National HIV Testing Day

By LeAnne Prenovost DNP, MBA, RN, CNE, CHSE Assistant Professor, DNP Program Faculty and Dr. Sandi McDermont

Senior mother kissing adult daughter on her forehead

My Test, My Way

On June 5, 1981, the first data about the history and geographic origins of human immunodeficiency viruses (HIV) from the Center of Disease Control and Prevention (CDC) was published.1 This report highlighted five previously healthy young men in Los Angeles diagnosed with what would soon become known as acquired immunodeficiency syndrome (AIDS). A year later, the first AIDS case was reported in Africa. Today, HIV remains one of the largest epidemics in the world.

Despite the prevalence of HIV, the world has witnessed remarkable bravery and resilience as professionals and communities come together to battle HIV and AIDS. Courage, compassion and commitment have beaten seemingly impossible odds during the devastating course of this disease. Fear of the disease has been replaced with hope of a future free of HIV and AIDS.

Extensive research on HIV has led to screening, early detection and successful treatment options, and professionals are continuing to make strides toward HIV awareness and prevention. One way that professionals help provide awareness is to observe National HIV Testing Day (NHTD). First observed on June 27, 1995, NHTD is a day to encourage people to get tested for HIV, know their status and get connected to care and treatment.

June 27th of each year is commemorated as a day to unite with partners, health departments and other organizations to raise awareness about the importance of HIV testing and early diagnosis of HIV.2 Early detection and treatment is important because it reduces patient mortality and prevents future transmissions. The earlier an individual is diagnosed with HIV, the earlier they can begin treatment and slow the progression of the disease, keeping people healthy for years.

The theme for NHTD 2021 is “My Test, My Way.” This year’s theme highlights how one can take charge of their health by getting tested for HIV in a way that works best for them—whether that is self-testing in their own space or finding a testing site close to them. There are more testing options today than ever before. 

An estimated 1.2 million Americans aged 13 or over are HIV-positive.3 For people with undiagnosed HIV, testing is the first step in taking charge of their health in order to maintain a healthy life and reduce the spread of this disease. The CDC recommends that everyone between the ages of 13 and 64 get tested for HIV at least once as part of their routine health care, and people at higher risk should get tested more often.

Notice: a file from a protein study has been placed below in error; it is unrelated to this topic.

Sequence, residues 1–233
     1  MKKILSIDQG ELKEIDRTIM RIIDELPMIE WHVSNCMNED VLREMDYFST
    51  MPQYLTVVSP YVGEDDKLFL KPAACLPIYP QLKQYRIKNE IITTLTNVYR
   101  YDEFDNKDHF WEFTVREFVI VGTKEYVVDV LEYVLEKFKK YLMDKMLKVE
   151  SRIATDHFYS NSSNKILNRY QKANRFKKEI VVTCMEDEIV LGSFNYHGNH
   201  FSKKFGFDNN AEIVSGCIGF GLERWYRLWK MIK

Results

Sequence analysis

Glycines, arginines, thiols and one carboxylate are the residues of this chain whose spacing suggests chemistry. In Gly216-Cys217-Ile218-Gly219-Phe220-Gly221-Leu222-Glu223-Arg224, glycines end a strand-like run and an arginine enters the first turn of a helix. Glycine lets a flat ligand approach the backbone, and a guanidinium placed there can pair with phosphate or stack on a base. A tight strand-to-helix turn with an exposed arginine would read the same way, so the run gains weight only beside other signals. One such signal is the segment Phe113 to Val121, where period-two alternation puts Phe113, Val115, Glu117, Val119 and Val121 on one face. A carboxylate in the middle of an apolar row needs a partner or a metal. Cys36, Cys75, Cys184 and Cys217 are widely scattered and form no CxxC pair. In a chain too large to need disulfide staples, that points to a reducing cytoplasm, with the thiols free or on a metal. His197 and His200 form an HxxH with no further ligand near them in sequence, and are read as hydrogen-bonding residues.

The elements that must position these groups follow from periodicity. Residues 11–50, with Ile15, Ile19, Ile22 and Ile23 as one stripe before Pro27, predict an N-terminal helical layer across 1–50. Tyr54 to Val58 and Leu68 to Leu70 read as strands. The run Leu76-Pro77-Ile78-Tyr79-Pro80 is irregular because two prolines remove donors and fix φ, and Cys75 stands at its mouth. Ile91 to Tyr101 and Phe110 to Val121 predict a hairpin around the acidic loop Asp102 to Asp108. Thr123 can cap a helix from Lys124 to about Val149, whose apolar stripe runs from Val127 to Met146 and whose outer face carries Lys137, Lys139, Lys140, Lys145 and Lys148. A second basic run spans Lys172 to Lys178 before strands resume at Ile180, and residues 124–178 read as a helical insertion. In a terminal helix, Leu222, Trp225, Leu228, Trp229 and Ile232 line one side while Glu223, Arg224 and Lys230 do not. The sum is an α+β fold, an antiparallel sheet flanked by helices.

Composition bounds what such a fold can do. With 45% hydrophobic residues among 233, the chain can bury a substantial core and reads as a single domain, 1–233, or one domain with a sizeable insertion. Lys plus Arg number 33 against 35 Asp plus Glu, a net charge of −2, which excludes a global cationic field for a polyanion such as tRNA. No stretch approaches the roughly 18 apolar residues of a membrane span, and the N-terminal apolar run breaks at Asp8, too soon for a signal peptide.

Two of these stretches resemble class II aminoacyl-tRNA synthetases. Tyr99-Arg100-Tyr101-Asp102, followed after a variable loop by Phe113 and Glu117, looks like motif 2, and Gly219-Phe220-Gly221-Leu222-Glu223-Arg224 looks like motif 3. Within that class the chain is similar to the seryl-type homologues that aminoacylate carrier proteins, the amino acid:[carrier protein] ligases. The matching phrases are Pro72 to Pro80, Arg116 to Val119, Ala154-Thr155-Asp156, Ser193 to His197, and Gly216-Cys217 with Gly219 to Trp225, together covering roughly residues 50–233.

The annual NHTD helps increase knowledge and awareness of HIV to people all over the United States, which is key in preventing and treating the disease early on. After 40 years of progress, it’s time to end the HIV epidemic. 

Grand Canyon University’s College of Nursing and Health Care Professions is committed to helping students take control of their health and learn how best to deal with the diseases of today. GCU offers a variety of undergraduate healthcare degrees and online nursing programs that help students learn how to promote a healthy lifestyle and be a leader in their field. Click the Request Info button at the top of your page to learn more about your options at GCU.

1Centers for Disease Control and Prevention, Media Statement from CDC Director Rochelle P. Walensky, MD, MPH, on 40 Years Since CDC Published Its First Report on HIV in the United States in June 2021 

2Center for Disease Control and Prevention. (2023, June 26). National HIV Testing Day 2023. Retrieved on May 31, 2024. 

3Center for Disease Control and Prevention. (2024, April 22). Fast Facts: HIV in the United States. Retrieved on May 31, 2024. 

The views and opinions expressed in this article are those of the author’s and do not necessarily reflect the official policy or position of Grand Canyon University. Any sources cited were accurate as of the publish date.